In library catalog records for maps and other cartographic materials, a pair of MARC fields, field 034 (Coded Cartographic Mathematical Data) and field 255 (Cartographic Mathematical Data), have long been used to unambiguously identify the location of a coverage area with geographic coordinates. In recent years online catalogs of some libraries have become able to use this data as a retrieval point for patrons. Generally these fields have seen very limited use in that they were used only when the coordinates actually appear on the cartographic item being cataloged and thus never on other formats of materials which may have significant value for layering of GIS data.


There are often difficulties in full and precise retrieval of relevant geospatial resources by patrons searching in library catalogs due to the limited ways that subject access for places has been provided. The inclusion of geographic coordinates on bibliographic records for cartographic materials is a valuable way of defining specific coverage, but this data is frequently omitted since it is not required by cataloging rules and since many maps do not display them.

Searching by geographic coordinates is offered as a mode of access by only a few library catalog systems vendors at this time, although it may be offered more frequently in the future. A document from the Functional Requirements for Bibliographic Records (FRBR) initiatives "Mapping MARC data elements to user tasks" lists the bibliographic 034 field coordinates subfields d-g as relevant to the user tasks of resource discovery of search, identify and select as well as the resource use task select. Coordinates in the field 255 subfield c are listed for the same resource discovery tasks. Inclusion of geographic coordinates will be helpful to eliminate ambiguity for non-unique place names such as "Big Creek" which must sometimes deviate from the normal state or country qualifier and use county. Use of coordinates can also help to clarify extent of large regions of continents, especially when the terms may appear inconsistently such as "Africa, North" and "Africa, Southern". It would also help when coverage area of a term such as "Southern Cone of South America" may not be popularly known. Use of language-neutral geographic coordinates can be a strong asset for international sharing of bibliographic information as well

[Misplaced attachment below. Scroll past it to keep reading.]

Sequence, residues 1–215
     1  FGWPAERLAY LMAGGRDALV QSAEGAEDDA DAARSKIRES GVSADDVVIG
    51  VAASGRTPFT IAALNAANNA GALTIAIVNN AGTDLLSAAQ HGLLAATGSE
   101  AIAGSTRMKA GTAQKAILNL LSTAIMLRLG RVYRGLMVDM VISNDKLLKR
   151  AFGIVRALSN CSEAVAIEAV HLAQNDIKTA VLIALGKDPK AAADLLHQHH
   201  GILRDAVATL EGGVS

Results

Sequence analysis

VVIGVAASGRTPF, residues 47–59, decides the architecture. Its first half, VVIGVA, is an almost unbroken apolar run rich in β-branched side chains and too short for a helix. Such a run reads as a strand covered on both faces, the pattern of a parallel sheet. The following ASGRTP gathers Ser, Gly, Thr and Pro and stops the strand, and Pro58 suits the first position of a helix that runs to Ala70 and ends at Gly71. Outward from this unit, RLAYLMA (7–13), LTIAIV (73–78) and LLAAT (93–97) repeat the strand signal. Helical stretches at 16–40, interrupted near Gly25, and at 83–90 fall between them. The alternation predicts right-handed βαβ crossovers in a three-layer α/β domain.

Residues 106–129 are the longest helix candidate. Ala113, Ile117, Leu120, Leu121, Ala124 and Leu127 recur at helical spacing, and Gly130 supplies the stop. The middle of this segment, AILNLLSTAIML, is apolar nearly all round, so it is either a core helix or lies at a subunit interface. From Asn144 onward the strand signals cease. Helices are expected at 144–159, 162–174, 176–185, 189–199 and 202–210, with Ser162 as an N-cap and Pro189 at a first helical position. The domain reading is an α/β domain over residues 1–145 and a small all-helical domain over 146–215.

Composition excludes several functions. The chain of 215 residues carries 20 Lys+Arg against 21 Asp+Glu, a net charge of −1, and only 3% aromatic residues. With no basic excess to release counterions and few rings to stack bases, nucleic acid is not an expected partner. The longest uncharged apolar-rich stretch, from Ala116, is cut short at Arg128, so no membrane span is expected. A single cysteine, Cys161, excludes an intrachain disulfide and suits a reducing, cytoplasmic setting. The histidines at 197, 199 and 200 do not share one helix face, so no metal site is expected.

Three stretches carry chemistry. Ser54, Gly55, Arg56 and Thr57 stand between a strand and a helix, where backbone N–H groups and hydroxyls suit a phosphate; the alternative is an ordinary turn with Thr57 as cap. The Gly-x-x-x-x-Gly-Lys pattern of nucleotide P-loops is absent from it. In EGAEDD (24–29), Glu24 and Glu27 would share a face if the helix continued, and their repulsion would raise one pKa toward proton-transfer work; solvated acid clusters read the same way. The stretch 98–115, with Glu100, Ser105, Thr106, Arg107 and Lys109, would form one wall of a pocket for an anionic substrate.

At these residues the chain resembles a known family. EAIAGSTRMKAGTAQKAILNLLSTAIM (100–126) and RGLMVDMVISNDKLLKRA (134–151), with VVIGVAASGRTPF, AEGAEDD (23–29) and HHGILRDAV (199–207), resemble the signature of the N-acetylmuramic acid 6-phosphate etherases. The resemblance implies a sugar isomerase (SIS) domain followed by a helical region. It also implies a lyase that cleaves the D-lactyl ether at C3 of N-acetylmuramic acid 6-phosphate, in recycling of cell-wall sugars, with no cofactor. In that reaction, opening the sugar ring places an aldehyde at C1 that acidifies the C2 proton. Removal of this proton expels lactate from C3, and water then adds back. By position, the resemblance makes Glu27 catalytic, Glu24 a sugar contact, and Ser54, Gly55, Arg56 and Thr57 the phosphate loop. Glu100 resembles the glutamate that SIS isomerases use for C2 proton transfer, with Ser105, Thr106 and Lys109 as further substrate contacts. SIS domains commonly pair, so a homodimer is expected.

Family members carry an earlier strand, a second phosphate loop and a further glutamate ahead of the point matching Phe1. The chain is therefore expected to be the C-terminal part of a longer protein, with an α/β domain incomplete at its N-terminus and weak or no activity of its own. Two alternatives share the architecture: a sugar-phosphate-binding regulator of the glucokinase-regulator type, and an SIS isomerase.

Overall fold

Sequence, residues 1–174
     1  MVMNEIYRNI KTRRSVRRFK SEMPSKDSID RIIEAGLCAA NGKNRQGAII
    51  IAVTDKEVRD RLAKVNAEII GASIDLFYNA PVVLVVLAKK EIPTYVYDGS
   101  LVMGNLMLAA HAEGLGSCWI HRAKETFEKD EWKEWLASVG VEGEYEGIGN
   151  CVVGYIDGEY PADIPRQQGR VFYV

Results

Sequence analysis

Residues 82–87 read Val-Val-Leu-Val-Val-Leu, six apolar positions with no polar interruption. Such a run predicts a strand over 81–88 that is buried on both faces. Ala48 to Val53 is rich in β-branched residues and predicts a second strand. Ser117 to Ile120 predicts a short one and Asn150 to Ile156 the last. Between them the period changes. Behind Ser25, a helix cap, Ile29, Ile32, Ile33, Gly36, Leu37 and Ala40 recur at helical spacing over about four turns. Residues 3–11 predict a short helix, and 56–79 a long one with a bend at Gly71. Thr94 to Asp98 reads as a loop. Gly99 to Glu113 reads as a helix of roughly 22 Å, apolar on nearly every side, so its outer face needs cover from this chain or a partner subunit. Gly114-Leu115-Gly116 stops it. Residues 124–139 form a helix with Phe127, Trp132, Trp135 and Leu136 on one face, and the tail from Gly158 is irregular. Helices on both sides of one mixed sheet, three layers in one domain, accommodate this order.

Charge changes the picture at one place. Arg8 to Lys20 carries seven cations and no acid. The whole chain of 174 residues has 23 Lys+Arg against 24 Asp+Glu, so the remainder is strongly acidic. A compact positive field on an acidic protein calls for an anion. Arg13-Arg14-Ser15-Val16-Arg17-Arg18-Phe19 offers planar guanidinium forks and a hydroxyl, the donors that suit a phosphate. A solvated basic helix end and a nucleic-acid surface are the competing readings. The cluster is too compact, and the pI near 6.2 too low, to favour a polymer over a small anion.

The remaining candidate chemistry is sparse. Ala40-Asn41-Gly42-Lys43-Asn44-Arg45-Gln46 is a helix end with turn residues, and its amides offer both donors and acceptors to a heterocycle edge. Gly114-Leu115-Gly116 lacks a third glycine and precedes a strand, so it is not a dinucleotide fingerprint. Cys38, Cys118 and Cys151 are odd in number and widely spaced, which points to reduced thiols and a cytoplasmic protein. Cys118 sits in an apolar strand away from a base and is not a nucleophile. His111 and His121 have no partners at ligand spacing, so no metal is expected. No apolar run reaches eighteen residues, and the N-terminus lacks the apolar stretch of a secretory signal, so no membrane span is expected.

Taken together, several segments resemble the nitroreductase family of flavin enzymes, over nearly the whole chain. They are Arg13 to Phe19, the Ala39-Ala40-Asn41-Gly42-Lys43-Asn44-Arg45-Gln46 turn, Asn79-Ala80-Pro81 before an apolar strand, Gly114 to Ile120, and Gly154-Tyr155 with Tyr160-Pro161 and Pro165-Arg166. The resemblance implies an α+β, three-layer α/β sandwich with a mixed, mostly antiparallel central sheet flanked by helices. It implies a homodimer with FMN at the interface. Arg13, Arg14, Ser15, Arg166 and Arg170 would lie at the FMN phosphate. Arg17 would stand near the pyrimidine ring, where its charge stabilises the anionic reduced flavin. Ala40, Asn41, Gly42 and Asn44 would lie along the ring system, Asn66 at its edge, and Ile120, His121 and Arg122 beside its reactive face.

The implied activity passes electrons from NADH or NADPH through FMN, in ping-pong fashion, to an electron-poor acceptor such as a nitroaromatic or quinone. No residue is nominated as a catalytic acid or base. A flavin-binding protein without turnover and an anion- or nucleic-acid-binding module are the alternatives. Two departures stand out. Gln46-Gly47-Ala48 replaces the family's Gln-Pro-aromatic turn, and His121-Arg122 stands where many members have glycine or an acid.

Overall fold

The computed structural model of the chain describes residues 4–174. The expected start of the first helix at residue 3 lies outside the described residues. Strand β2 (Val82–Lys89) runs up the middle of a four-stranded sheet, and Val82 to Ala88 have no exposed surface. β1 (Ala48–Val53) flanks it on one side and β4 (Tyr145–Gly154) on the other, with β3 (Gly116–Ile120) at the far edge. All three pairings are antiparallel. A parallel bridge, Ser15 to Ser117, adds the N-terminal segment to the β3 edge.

2.1 Coordinates in Authority Records

In authority records for places, geographic coordinates have frequently been included in note fields (field 670) cited from authoritative sources to document the place name. However, because the data is recorded in a textual form and is not isolated, it would be difficult to utilize the information for a coordinates-based search in the context of the note. Repetition of the coordinates in a specific data field amenable to machine retrieval and compatible with other geographic database searching systems would offer the potential for patrons to better retrieve items concerning a subject place.

It would be appropriate to include coordinates in authority records, because it is important information about the entity described in the authority record. Since this is information about the place for which the authority record is made, one could argue that it belongs in the authority record, rather than in every bibliographic record that relates to that place. To use the data systems would need to be programmed to utilize such information by linking between bibliographic and authority records.

In the context of the bibliographic record these subfields record the specific coordinates given on the map or other geospatial resource; in the authority format the coordinates apply to the entity described and would be taken from a reliable source such as the USGS Geographic Names Information System (GNIS) record for the place or from a gazetteer.

In bibliographic records, coordinates also appear in textual form in subfield $c of the field 255. Typically a cataloger would transcribe the coordinates from a map being cataloged into field 255 subfield $c of the map record and then code the same data into the 034 field of the same record. The recording of the coordinates in these two fields differs in several ways. In the 255 field there are symbols for degrees, minutes and seconds which do not appear in the 034 field. The data in the 034 field is formatted and may be given either as decimal degrees, or as degrees, minutes and seconds with the presence of the decimal indicating which is used. The west, east, north and south hemispheres are indicated either with the first letter of the direction or by plus or minus. Coordinates in 255 field reflect the information as it is given on the item being described.

2.2 Possible Solutions

2.2.1. Field 034 in Authority Format. The MARC 21 Authority Format should be expanded to include coordinates and the likely field would be 034, already defined in the bibliographic format. Use of the coded field 034 is more desirable than the textual form in field 255 to record coordinates data associated with places because it is in a form more usable for coordinates-based machine retrieval.